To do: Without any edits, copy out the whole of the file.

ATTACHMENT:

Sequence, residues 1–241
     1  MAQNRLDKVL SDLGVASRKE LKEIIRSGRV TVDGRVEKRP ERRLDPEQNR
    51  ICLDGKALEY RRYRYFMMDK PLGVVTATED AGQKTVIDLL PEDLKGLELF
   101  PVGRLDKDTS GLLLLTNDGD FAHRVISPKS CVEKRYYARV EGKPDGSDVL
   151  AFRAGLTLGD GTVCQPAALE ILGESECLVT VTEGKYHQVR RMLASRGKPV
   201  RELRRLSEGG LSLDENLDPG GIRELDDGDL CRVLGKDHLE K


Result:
Sequence, residues 1–241
     1  MAQNRLDKVL SDLGVASRKE LKEIIRSGRV TVDGRVEKRP ERRLDPEQNR
    51  ICLDGKALEY RRYRYFMMDK PLGVVTATED AGQKTVIDLL PEDLKGLELF
   101  PVGRLDKDTS GLLLLTNDGD FAHRVISPKS CVEKRYYARV EGKPDGSDVL
   151  AFRAGLTLGD GTVCQPAALE ILGESECLVT VTEGKYHQVR RMLASRGKPV
   201  RELRRLSEGG LSLDENLDPG GIRELDDGDL CRVLGKDHLE K